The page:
1985 Behind The Sun
1994 From The Cradle
2000 Riding With The King (with B.B. King)
2004 Me And Mr. Johnson
2004 Sessions For Robert J
2005 Back Home
2006 The Road To Escondido (with JJ Cale)
2013 Old Sock
1973 Eric Clapton's Rainbow Concert
1975 E. C. Was Here
1980 Just One Night
1983 Time Pieces Vol. II Live In The Seventies
1991 24 Nights
1996 Crossroads 2: Live In The Seventies
2002 One More Car, One More Rider
2009 Live from Madison Square Garden (with Steve Winwood)
Eric Clapton's solo career never touches the majestic grandeur of Cream, or even Derek & the Dominos, perhaps by design. Too bad. But Clapton's self-titled solo debut is a good start. With help from the Delaney & Bonnie clan, Clapton is loose and comfortable. Later in the decade he struck again with "461 Ocean Boulevard" containing a hot version of "Willie & the Hand Jive" and a spirited cover of "I Shot The Sheriff."
Clapton built a large part of his reputation as a live performer with Cream, so in-concert albums show up regularly. "The Rainbow Concert" is one of his best efforts. The Who's Pete Townsend is also on the bill. "EC Was Here" is another good set. Clapton extended his career going "unplugged" in the '90s. Pass on this era unless mellow vocals and acoustic guitar are a major passion. To understand why Eric Clapton is a legend get the "Crossroads" box set, a career retrospective. This is the box set all others are measured against.
Clapton's return to Blues must have seemed like a good idea. "From The Cradle" features excellent Clapton performances but his backing band couldn't find the groove with a shovel. The follow-up "Pilgrim" is the better of the two. "Riding With The King" is good but considering the talent involved (Blues legend B.B. King - hence the title) it should have been better. There's too much cruising and not enough overdrive. "Me and Mr. Johnson" continues Clapton's Blues revival. This is one of those rare occasions when the artist and material are simpatico. It is easily the best of his late career Blues efforts. Clapton takes a natural, heartfelt approach on "When You Get A Good Friend," the joyous "They're Red Hot" and the rolling "Traveling River Blues." His respect is evident but it doesn't weigh down the proceedings. In fact, he conveys the essence of each song. Kudos to harmonica player Jerry Portnoy and keyboardist Billy Preston for helping Clapton bring it on home.
Clapton retreats (significantly) on "Back Home." Not to get too catty about this but it's never a good sign when one of the guys arranging the strings (strings?) and horns made a name for himself producing elevator music. Nick Ingman is a nice fellow and all but he has Muzak M.O.R. stamped all over him. While the Rolling Stones can at least approximate the energy and style of their classic efforts, Clapton, on "Back Home," seems lost in a "Lay Down Sally" rut. Why break a sweat if you don't have to? Not even a cover of George Harrison's "Love Comes To Everyone" amounts too much although it works far better than the dull, dismal reworking of "Love Don't Love Nobody." Clapton does make some effort to rouse himself for the Reggae numbers ("Say What You Will" and "Revolution") but even that falls short.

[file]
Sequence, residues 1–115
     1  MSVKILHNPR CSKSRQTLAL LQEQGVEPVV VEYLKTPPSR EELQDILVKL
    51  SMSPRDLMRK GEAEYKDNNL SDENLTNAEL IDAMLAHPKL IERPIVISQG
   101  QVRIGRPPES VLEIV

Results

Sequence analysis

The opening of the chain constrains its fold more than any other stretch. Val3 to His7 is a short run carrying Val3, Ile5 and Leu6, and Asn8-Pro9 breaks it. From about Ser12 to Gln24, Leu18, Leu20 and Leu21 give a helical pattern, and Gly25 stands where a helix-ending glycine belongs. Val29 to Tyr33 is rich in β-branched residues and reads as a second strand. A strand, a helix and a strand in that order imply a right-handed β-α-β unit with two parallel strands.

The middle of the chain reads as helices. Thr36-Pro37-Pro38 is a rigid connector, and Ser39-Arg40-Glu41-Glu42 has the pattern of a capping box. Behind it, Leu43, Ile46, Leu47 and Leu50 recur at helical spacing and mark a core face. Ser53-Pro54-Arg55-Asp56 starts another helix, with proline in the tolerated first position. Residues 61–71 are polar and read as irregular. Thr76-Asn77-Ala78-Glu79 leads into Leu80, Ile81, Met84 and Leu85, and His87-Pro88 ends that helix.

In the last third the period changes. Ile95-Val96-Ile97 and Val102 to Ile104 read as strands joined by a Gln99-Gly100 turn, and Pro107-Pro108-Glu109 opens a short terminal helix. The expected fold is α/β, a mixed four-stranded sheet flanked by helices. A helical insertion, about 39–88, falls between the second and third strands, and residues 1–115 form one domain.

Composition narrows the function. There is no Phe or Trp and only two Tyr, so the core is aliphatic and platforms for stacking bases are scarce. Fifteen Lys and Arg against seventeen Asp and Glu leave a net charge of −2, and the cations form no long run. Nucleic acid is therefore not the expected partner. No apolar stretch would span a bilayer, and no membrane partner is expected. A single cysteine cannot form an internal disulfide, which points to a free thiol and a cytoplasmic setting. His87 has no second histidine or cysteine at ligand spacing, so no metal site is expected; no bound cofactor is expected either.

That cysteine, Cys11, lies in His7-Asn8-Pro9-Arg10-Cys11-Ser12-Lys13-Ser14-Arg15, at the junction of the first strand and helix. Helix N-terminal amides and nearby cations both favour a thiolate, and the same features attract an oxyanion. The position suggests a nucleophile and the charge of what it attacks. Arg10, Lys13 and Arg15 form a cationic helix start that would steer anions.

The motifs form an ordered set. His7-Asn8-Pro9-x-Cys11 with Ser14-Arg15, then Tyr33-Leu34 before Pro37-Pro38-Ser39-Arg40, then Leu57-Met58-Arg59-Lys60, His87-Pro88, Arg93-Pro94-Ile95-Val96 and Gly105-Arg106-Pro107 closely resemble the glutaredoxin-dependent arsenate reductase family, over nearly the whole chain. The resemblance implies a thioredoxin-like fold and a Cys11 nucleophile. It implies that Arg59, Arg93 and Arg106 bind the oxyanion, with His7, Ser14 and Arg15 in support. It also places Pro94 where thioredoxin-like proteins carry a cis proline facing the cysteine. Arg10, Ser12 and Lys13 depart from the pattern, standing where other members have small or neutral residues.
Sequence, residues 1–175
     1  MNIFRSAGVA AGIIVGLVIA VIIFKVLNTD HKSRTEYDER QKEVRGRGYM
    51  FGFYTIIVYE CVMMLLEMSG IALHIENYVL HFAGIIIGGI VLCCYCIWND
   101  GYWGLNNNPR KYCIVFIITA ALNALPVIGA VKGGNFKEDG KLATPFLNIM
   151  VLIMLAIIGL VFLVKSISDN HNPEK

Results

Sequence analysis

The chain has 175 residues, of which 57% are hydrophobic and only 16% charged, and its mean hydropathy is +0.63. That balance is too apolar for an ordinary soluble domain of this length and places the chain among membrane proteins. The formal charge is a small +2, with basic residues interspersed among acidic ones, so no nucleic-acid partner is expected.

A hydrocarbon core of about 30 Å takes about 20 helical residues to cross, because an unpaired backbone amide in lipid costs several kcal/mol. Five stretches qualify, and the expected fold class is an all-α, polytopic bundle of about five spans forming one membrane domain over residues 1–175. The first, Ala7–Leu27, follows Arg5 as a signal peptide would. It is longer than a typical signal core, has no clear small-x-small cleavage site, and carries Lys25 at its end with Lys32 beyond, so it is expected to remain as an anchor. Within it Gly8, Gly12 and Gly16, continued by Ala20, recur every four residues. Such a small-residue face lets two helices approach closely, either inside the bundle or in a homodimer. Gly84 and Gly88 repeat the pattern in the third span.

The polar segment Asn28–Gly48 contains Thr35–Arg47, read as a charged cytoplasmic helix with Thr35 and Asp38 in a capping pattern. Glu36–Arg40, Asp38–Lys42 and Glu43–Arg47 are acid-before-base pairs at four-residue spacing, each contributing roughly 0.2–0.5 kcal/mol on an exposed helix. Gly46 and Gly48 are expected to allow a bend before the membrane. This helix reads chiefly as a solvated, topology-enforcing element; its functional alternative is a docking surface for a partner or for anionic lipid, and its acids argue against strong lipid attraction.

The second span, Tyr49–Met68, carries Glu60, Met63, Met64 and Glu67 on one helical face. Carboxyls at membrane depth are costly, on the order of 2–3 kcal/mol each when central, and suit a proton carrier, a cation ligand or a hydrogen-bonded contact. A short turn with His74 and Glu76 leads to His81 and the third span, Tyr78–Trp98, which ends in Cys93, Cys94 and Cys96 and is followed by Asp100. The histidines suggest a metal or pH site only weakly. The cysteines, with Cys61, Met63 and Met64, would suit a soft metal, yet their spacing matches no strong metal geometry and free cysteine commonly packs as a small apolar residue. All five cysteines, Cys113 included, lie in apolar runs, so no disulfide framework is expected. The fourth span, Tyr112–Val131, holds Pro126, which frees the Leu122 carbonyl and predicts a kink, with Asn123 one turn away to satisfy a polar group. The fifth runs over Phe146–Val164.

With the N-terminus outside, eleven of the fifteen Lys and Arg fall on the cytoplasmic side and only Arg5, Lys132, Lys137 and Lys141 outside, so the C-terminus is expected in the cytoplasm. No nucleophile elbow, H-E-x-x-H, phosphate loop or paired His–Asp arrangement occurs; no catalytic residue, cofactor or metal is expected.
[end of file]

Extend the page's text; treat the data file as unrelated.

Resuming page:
"Clapton" is a case of 'no risk, no reward'. On the same day that fellow '60's icon Neil Young issued "Le Noise," an unconventional set that proved Young was still vital, Clapton dropped his self-titled album of Blues covers, Dixieland and pop-standards ("How Deep Is The Ocean"). While Young used Punk and Grunge as touchstones, Clapton stayed on safer ground. Technically, Clapton is a better singer than Young (EC sings in tune) but Young is a far more expressive vocalist. And while Young has had his share of failures, and so too Clapton, ol' Neil is still willing to take a chance. Something Clapton seems adverse to.
The performances on "Clapton" are amiable enough but there isn't much excitement. Actually, Clapton has recorded this type of album before with much better results ("Riding With The King" and "Me And Mr. Johnson").
"Rockin' Chair" is oddly similar to the unplugged version of "Layla" in places But it's not sustained as the song veers, out of necessity, toward its Country-Blues roots.
Ironically, the set's two best tracks, the Blues-Boogie "Travelin' Alone" and "Run Back To You Side" would have fit perfectly on Eric's debut solo album released forty years earlier, also titled "Clapton."
"Old Sock" is another comfortable album with Clapton venturing into Jimmy Buffet territory ("Further Down The Road" featuring Taj Mahal) or lifting a page or two from Rod Stewart's "American Songbook" and Paul McCartney's "Kisses On The Bottom" ("All Of Me" with McCartney no less, and "Goodnight Irene").
Fortunately, Chaka Khan injects some life into both Clapton and the song "Gotta Get Over" while "Still Got The Blues" shows that the Clapton-Winwood pairing is still potent.
Also see Yardbirds, Cream, Blind Faith and Derek & the Dominos.